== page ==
The human mind loves certainty. Left to its own devices, when faced with a challenging situation, your brain will create a dichotomy, a this or that polarizing choice that simplifies complex situations.
It’s not your brain’s fault. The human mind is incredibly complex; every day it has to keep you breathing, find your car keys, and solve a myriad of challenging problems. Given all its responsibilities, your brain is a model of efficiency. But sometimes, your brain’s tendency towards efficiency short-circuits your own intelligence.
Scott Fitzgerald once said, “The test of a first-rate intelligence is the ability to hold two opposing ideas in mind at the same time and still retain the ability to function.”
When faced with a challenge, your brain’s default is to create a false dichotomy. For example, imagine you’re trying to put on a fabulous play or show, and you want to rig up a super cool high wire where the star of the show comes swooping in from the rafters. Part of your mind would be screaming, “Safety first, you
can’t do that.” Imagine that the star is your child; clearly catapulting in on a skinny little wire is a horrible idea. But now put on your producer hat; the star sliding onto center stage via an invisible wire sounds like the coolest thing ever.
Clearly you have a choice, is it going to be safety or show? Your brain prefers for you to default to one or the other. But creating a false dichotomy is what keeps most organizations from creating a Tinkerbell.
The above debate is not fictitious; it’s real. Disney doesn’t succumb to false dichotomies. They slide Tinkerbell in on an invisible high wire every night, and they have incredibly high standards for safety. The difference between the greatness of Disney, and the limits of your own mind is that Disney has the benefit of assigning different groups to different tasks. One group is responsible for safety, and another team is the creative show.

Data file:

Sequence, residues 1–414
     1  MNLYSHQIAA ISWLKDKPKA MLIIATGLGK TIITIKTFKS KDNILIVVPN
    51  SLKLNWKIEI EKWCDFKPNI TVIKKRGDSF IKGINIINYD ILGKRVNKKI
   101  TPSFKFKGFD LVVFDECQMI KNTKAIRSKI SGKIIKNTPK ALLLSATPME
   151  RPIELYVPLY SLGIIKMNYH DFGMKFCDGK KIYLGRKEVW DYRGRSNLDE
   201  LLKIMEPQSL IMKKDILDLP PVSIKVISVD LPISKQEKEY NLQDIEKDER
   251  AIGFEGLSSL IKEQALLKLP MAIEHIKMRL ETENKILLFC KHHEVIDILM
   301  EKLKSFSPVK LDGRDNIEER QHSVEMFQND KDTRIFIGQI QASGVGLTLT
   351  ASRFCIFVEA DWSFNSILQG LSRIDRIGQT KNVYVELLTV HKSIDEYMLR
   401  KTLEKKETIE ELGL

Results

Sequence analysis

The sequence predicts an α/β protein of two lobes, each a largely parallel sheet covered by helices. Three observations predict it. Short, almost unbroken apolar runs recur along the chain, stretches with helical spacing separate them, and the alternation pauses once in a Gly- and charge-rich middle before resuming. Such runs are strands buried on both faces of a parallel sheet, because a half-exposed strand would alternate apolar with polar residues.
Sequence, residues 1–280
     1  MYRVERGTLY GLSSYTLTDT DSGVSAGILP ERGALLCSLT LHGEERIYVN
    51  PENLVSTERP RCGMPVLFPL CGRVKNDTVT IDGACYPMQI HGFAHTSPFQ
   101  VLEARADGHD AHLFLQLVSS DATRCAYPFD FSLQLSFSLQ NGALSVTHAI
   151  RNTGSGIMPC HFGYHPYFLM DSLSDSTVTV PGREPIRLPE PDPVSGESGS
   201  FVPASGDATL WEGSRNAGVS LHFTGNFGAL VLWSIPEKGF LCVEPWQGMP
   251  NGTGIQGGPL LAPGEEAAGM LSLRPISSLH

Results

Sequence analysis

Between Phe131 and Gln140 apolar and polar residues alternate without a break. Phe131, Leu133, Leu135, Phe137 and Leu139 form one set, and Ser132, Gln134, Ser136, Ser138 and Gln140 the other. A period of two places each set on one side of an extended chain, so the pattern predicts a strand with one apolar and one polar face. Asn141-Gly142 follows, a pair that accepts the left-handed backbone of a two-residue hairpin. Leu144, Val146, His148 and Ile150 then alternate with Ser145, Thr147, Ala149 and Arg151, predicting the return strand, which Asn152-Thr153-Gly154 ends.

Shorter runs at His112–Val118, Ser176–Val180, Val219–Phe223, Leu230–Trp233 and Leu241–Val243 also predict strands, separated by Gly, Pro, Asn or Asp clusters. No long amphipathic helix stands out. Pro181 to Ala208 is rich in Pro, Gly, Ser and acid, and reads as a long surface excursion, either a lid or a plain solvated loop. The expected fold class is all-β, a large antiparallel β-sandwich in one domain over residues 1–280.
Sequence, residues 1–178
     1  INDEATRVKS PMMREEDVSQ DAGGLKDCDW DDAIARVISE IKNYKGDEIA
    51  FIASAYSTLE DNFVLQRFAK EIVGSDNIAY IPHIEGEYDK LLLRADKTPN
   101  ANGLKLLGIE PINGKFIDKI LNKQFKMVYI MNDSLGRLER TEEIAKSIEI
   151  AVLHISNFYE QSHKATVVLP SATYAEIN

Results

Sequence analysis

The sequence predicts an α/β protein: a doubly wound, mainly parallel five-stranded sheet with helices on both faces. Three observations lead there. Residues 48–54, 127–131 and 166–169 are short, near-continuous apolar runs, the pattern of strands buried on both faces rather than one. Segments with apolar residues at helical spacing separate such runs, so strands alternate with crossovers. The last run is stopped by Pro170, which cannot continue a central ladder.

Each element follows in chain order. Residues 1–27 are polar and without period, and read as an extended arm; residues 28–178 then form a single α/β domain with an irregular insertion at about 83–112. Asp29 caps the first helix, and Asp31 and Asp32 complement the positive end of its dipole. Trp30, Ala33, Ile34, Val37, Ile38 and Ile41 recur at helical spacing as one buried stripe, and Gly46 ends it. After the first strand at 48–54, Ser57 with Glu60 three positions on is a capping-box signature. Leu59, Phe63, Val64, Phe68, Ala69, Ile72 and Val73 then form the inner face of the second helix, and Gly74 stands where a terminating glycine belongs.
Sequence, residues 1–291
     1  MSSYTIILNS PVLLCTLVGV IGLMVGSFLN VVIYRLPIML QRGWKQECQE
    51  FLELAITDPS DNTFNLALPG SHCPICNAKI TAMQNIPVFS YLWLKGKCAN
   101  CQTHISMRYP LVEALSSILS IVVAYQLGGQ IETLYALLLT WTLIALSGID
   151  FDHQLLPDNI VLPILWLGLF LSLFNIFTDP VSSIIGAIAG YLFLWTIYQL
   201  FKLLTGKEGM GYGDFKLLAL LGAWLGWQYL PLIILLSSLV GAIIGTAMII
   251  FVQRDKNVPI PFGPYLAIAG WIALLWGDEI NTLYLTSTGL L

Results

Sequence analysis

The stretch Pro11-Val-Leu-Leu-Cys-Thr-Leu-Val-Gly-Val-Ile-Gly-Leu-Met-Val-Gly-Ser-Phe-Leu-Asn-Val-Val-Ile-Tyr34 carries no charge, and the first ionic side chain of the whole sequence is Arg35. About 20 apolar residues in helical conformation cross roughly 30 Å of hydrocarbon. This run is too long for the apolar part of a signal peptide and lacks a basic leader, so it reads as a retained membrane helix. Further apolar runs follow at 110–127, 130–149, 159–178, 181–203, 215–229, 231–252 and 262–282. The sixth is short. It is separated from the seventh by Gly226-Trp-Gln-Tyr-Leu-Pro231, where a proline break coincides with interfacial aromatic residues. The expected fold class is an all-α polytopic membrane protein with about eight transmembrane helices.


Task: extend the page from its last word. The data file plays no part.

Yet you can create the same level of collaboration within your own brain. The key is being able to tolerate uncertainty. When the two Disney teams (safety and show) come together, they don’t assume that one side is going to win over the other. They know that together, they must achieve both objectives.
When you reframe your own internal conversations, when you decide that you can live with the uncertainty of not knowing how you will do it, you too have the opportunity to create greatness.
The world is filled with dichotomies — men versus women, right versus left, freedom versus responsibility, nurture versus nature, strategic versus tactical. When pitted against each other these can cause conflict, yet when harnessed together they create great results.
Our brain’s inclination is to try to rid ourselves of these dualities; we create false dichotomies that enable us make quick decisions. But true greatness stems from embracing a both/and mindset.
The ability to embrace both/and has been the invisible underpinning behind most of our great advances, be they public or private.
We see it in successful businesses like Apple, Roche, and Flight Centre who combine Noble Purpose with their profit objectives. It was in the genius of Einstein whose reverence for God inspired a lifetime scientific discovery. It’s present in successful families, when both partners embrace, but aren’t limited by, the inherent differences between sexes and personalities.
Next time you’re faced with a challenge, don’t default to an either/or mindset. Your brain may prefer a false dichotomy, but your spirit and the universe prefer the Power of AND.